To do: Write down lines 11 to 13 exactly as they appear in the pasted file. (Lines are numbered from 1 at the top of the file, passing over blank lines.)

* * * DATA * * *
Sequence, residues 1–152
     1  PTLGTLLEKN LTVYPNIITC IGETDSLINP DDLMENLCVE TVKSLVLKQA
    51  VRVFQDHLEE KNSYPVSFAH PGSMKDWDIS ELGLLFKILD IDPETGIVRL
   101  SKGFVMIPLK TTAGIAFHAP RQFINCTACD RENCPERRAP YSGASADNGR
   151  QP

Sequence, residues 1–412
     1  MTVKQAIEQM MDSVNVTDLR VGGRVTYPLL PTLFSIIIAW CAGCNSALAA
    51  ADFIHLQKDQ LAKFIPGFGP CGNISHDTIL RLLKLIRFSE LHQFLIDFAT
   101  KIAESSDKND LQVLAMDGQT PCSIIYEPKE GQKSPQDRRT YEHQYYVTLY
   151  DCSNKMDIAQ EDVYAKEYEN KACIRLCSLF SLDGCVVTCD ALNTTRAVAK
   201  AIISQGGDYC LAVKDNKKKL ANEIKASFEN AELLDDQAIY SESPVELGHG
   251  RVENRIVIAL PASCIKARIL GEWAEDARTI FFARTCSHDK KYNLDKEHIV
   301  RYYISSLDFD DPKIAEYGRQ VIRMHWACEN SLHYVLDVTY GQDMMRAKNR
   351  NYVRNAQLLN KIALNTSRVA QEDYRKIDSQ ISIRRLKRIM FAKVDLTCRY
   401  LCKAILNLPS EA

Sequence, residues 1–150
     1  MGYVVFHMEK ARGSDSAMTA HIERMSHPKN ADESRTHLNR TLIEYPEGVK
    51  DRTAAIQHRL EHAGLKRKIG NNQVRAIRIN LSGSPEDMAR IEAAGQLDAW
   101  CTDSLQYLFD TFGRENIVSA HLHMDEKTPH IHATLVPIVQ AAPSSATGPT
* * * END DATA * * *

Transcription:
   201  AIISQGGDYC LAVKDNKKKL ANEIKASFEN AELLDDQAIY SESPVELGHG
   251  RVENRIVIAL PASCIKARIL GEWAEDARTI FFARTCSHDK KYNLDKEHIV
   301  RYYISSLDFD DPKIAEYGRQ VIRMHWACEN SLHYVLDVTY GQDMMRAKNR